Contrary to Twyla’s recollection of Maggie’s memory, Roberta recalls that Maggie was assaulted by the big girls back in St. Bonny’s because she was black. Roberta states that Maggie did not fall down as suggested earlier but rather was a victim of hate crime. Roberta’s narrative challenges Twyla recollection of the event which is another instance of subconsciously defining their attitudes and identities against each other due to the idea of racial difference. Roberta’s stigma from racial prejudice towards black people in the past and present shapes her recollection of the narrative, blaming racism for past events such as Maggie falling down. When the two meet again at the protest their contrasting opinions becomes the identifying factors of their respective races; animosity further grows towards each other as Twyla generalizes black people and becomes racially insensitive. Roberta further adds to her narrative stating, “You’re the same little state kid who kicked a poor old black lady when she was down on the ground…and you have the nerve to call me a bigot” (Morrison 1413). Due to opposing set of social codes that are not necessarily racial based but rather opinion based, labels are created on each race which further intensifies the racial prejudices.
Twyla prejudice towards black people is seen during the protests, and her opinions of Roberta and Maggie become negative. She confesses, “I didn’t kick her; I didn’t join in with the girls and kick that lady, but I sure did want to” (Morrison 1414), which implies her change in attitude towards black people at the time and probably in the past too. Twyla develops strong racial prejudices as she becomes more active in the protest just to oppose Roberta. She narrates how her opposing signs got weirder every day even the other females thought she was a crazy, implying her relentless opposition just because of the idea of difference. Morrison uses the opposing signs between Twyla and Roberta in the story to suggest that the opposing sides coexist and one won’t make sense without the other. Twyla and Roberta’s relationship go through ultimate changes due to the generalization of each other’s race based on opposing social codes or association. The statement further proves that defining races against each other is the reason for the hatred and racial prejudice in society.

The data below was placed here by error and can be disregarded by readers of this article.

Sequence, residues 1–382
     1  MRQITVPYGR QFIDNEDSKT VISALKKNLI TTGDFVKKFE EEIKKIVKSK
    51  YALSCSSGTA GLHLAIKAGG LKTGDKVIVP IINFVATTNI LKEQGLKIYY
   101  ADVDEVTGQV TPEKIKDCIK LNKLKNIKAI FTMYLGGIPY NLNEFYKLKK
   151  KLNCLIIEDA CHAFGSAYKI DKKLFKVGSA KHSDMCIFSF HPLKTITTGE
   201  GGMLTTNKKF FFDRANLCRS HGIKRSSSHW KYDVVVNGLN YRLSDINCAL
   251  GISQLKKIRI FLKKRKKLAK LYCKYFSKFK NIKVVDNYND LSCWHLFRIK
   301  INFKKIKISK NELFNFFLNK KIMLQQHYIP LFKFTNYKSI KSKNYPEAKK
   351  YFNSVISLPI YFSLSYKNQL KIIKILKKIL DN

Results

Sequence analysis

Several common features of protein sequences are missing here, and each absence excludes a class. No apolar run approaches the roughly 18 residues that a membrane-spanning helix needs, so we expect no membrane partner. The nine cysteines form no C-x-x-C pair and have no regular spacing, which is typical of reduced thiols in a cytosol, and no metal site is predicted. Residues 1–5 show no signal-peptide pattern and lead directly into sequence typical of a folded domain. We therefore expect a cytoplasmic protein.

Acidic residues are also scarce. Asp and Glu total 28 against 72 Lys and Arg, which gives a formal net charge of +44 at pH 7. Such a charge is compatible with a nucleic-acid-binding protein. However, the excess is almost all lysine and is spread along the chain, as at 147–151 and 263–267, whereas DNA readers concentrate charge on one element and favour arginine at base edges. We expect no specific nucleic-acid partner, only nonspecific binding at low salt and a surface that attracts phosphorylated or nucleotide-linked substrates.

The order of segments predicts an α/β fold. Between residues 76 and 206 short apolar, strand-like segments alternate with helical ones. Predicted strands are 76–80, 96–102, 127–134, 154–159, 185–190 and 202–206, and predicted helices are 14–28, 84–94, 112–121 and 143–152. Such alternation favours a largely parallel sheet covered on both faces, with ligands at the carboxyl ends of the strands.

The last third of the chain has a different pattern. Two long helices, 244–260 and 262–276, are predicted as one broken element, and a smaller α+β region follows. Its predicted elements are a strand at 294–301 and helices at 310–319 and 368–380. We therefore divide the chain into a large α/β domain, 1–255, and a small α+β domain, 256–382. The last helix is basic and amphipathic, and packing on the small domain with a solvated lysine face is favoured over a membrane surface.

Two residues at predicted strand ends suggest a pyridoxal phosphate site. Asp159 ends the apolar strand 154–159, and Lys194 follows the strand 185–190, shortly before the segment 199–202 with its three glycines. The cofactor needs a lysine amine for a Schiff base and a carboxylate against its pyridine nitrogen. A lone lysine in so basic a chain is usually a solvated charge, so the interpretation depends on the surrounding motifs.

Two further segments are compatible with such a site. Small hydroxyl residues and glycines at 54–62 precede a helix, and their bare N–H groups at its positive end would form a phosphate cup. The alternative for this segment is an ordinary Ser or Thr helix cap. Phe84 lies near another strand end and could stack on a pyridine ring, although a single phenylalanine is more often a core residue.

In the story, Morrison explores the idea of difference and the impulsive need for society to always contrast or define each race against each other. She withholds the ethnic backgrounds of the characters from the reader to illustrate that we can identify the race of a character through stereotypical remarks, which speaks a ton about the human race. The characters illustrate several subtle instances of defining races against each other through generalization; from the first impression Twyla had of Roberta to the opposing sides at the protests. In the modern day, there is no tolerance for racism. However, it is subconsciously embedded in every individual through stereotypes and prejudices. The goal of the story is for society to self-reflect and evaluate its association of certain characteristics with each race whilst describing them against each other, only when this is accomplished is racial prejudice solved.
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In Recitatif by Toni Morrison, the theme of racism is addressed extensively which is rather common in American literature during the late twentieth century. However, Morrison’s approach is fairly different […]